well, if the president believes his impeachment is so brazen and wrong, why won't he show us why ask why is the president so insistent that no one come forward, that no documents be released? it the president's case is so weak that none of the president's men can defend him under oath, shame on him and those who allow it to happen. what is the president hiding? what are our republican colleagues hiding? because if they were not afraid of the truth a would say go right ahead, get at the truth, get witnesses, get documents. in fact, at no point over the last few months have heard a single solitary argument on the merits of why witnesses and documents should not be part of the trial. no republicans explained why less evidence is better than
more evidence. nevertheless,, leader mcconnell is poised to ask the think the begin the first impeachment trial of a a presit in history without witnesses. the russians did arguments as quick as possible. that in ways both shameless and subtle will conceal the truth, the truth from the american people. leader mcconnell claimed the house had ran the most rush, patient inquiry in modern history. the truth is leader mcconnell is plotting the most rushed, lease thorough and most unfair impeachment trial in modern history. and it begins today. the senate has before it very straightforward questions. the president is accused of the coercing a foreign power to interfere in our elections, to help himself. it's the job of the senate to determine if these very serious charges are true. the very least we can do is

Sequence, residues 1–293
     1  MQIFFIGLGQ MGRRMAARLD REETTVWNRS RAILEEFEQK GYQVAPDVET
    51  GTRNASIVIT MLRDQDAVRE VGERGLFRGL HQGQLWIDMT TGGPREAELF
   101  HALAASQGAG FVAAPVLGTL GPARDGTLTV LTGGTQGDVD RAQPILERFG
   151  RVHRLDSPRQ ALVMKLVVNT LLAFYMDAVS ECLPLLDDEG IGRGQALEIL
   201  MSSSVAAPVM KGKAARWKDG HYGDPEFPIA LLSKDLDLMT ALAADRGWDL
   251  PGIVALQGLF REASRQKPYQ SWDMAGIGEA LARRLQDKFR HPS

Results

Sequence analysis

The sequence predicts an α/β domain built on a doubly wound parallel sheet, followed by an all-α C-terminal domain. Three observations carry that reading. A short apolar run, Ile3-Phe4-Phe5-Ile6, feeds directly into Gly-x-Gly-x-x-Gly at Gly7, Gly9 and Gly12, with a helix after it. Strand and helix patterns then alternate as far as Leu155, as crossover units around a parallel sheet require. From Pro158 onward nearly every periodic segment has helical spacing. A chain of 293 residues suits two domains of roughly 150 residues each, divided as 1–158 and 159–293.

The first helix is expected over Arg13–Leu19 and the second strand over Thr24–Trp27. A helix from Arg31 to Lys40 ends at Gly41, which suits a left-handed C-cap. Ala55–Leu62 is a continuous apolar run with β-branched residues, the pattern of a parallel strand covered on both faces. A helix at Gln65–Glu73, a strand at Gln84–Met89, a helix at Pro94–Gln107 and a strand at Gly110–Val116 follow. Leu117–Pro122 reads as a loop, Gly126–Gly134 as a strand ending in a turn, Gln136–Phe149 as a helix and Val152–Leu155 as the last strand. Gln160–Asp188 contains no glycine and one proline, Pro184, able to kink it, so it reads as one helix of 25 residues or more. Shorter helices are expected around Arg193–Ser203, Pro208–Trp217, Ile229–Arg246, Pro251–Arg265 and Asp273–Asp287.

examine the facts, review the documents, here the witnesses, try the case, not run from it, not hide it, try it. because if the president commits high crimes and misdemeanors and congress refuses to act, refuses even to conduct a fair trial of its conduct, then residents, this president and future presidents can commit impeachable crimes with impunity, and the order and rigor of our democracy will dramatically decline. the final failsafe of our democracy will be rendered moot. the most powerful check on the executive, the one designed to protect the people from tyranny will be erased. in short time, my colleagues, each of us will face a choice about whether to begin this trial in search of the truth, or in service of the president's
desire to cover it up. whether the senate will conduct a fair trial and a full airing of the facts, or rushed to a predetermined political outcome. my colleagues, the eyes of the nation, the eyes of history, the eyes of the founding fathers are upon us. history will be our final judge. will senators rise to the occasion? i yield the floor. >> under the previous order the leadership time is reserved. morning business is closed. under the previous order the senate stands in recess subject to the call of the chair. >> in the impeachment trial of
IN COLLECTIONSCSPAN2 Television Archive Television Archive News Search Service
Uploaded by TV Archive on